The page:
Such a great story! And this is exactly why we as parents must help our gymnasts navigate the tension of participating in a sport that, yes, judges and identifies excellence, but also allows for "wins" to happen in so many individual areas that cannot be quantified.
 

CLgym

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Well, misery loves company!! Thank you for this post and the great replies.... I was actually considering a post like this myself, so the timing could not have been more perfect.

Mine is having a terrible season. Last year she was a 10yo L7, and had a solid season for the most part (including a few exciting "highs" such as a 9.9 on bars during the regular season, and first place on bars at Regionals in a very competitive region/age group). But the wheels are falling off this year, and I don't know why. To give you a general idea of how bad we're talking, she competed L8 for the first time a couple of weekends ago and finished second to last in her age group (40th out of 57 in the session). In the case of my DD, it's more than meet mistakes and jitters (although there is some of that going on too -- she fell twice (twice!!) on bars at the last meet). Progress has just kind of stalled in general. I honestly don't know how long I let this drag on?? The weird part is my DD is still happy in the gym. Go figure!

In any event, I hope you have a better next meet. I keep telling myself that, at this point, there is really only one direction my DD can go...
 
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Flyaway

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@CLgym I'm sorry for your dd's struggles. I, too, identify with questioning how long do we let this continue? I hope for your dd that whatever is causing her issues is shortlived and that she retains the joy she finds in gymnastics. ((hugs))
 

mommyof1

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I honestly don't know how long I let this drag on?? The weird part is my DD is still happy in the gym. Go figure!
You answered your own question--she's happy. The time to consider pulling the plug is when she's not happy, or she's obviously not working hard, or gymnastics is interfering with school, or her body can no longer handle the strain. If she is happy and willing to work through the challenges, let it be. She just might learn more from losing at L8 than from winning at L7.
 

ldw4mlo

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You answered your own question--she's happy. The time to consider pulling the plug is when she's not happy, or she's obviously not working hard, or gymnastics is interfering with school, or her body can no longer handle the strain. If she is happy and willing to work through the challenges, let it be. She just might learn more from losing at L8 than from winning at L7.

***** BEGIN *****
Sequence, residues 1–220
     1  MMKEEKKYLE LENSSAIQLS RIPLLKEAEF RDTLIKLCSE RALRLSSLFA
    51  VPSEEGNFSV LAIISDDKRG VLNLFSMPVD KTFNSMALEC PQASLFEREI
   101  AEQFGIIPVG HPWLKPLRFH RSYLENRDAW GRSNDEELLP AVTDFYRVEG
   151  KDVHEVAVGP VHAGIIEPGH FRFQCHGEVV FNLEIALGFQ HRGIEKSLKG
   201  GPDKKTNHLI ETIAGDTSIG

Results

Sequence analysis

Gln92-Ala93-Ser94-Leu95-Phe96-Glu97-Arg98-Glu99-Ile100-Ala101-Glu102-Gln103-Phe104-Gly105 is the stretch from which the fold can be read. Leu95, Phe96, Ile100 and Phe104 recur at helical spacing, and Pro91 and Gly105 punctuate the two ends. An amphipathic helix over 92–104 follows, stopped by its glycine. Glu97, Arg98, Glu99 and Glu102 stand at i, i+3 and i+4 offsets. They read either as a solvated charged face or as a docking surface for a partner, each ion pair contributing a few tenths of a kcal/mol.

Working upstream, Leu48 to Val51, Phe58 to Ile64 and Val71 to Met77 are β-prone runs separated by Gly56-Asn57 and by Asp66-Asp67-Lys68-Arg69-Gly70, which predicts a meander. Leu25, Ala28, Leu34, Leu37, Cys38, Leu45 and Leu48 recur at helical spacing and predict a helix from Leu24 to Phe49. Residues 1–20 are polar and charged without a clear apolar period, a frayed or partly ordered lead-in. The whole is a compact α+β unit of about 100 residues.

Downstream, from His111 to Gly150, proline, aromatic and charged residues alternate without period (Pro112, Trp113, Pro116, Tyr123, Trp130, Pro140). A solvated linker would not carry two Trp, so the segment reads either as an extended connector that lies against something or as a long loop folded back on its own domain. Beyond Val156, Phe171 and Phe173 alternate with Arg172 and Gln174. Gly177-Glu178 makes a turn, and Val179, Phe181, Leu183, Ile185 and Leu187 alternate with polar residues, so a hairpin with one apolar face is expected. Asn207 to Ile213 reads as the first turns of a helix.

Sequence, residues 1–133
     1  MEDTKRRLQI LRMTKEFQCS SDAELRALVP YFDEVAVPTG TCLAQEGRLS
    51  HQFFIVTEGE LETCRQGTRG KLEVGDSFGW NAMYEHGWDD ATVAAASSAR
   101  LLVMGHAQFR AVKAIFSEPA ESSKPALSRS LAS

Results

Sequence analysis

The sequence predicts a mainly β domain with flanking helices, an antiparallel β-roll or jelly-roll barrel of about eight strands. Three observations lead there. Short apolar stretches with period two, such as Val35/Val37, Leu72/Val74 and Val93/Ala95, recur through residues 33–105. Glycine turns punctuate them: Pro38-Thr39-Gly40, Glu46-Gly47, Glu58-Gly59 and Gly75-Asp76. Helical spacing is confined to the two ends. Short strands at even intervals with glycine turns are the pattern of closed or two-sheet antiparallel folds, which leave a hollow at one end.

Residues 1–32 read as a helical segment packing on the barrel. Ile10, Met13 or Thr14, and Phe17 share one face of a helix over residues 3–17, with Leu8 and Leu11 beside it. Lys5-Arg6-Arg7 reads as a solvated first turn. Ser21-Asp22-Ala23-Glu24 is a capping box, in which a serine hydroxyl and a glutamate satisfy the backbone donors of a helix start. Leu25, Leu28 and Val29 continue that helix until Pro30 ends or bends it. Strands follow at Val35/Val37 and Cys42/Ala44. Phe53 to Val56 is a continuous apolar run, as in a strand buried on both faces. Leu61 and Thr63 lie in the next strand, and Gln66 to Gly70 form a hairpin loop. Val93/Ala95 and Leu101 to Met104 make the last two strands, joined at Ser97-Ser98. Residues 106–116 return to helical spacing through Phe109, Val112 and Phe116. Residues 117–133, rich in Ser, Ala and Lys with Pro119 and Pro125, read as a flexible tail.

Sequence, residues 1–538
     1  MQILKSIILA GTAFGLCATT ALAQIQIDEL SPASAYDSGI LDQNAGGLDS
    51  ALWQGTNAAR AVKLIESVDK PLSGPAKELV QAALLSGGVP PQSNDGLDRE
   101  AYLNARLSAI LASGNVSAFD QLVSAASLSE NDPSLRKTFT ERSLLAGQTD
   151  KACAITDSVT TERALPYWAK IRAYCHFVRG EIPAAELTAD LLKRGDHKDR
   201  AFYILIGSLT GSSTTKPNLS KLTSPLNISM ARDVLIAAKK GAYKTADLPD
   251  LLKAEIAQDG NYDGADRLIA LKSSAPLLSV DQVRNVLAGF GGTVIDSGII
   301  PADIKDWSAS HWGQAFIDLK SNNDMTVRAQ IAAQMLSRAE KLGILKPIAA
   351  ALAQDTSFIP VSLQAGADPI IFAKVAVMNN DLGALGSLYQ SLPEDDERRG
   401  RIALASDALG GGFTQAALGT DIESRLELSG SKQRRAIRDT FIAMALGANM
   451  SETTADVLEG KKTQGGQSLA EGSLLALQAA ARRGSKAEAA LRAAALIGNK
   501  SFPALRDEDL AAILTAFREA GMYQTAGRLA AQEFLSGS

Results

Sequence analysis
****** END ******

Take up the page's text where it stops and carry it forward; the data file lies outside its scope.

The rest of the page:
I was going to say the same thing. These last 2 years have been the hardest for my kid, yet she is happier today then 2 yrs ago.
 

PeanutsMom

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You answered your own question--she's happy. The time to consider pulling the plug is when she's not happy, or she's obviously not working hard, or gymnastics is interfering with school, or her body can no longer handle the strain. If she is happy and willing to work through the challenges, let it be. She just might learn more from losing at L8 than from winning at L7.
One of the greatest benefits of gymnastics has nothing to do with gymnastics. My daughter is a perfectionist. She is hypercritical of herself and doesn't want to disappoint teachers, coaches, teammates, us (her parents), so when she doesn't do well she often gets into the head space of "I'm not good enough". We have been working REALLY hard on effort and attitude. Her coaches are amazing and they do not stress winning at all costs. They actually care more about practices and the progress made because one routine is not always indicative of ability. They really want to see the athletes challenging themselves and having fun. My daughter is learning that falling does not equal failure and she is learning how to find the positives in otherwise challenging situations. These are life skills and she barely 11 (like 2 weeks ago).
 

duyetanh

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Well, misery loves company!! Thank you for this post and the great replies.... I was actually considering a post like this myself, so the timing could not have been more perfect.

Mine is having a terrible season. Last year she was a 10yo L7, and had a solid season for the most part (including a few exciting "highs" such as a 9.9 on bars during the regular season, and first place on bars at Regionals in a very competitive region/age group). But the wheels are falling off this year, and I don't know why. To give you a general idea of how bad we're talking, she competed L8 for the first time a couple of weekends ago and finished second to last in her age group (40th out of 57 in the session). In the case of my DD, it's more than meet mistakes and jitters (although there is some of that going on too -- she fell twice (twice!!) on bars at the last meet). Progress has just kind of stalled in general. I honestly don't know how long I let this drag on?? The weird part is my DD is still happy in the gym. Go figure!

In any event, I hope you have a better next meet. I keep telling myself that, at this point, there is really only one direction my DD can go...
She is happy in the gym. And she is the puberty age. I say let it play on and hopefully she will get through to the other side.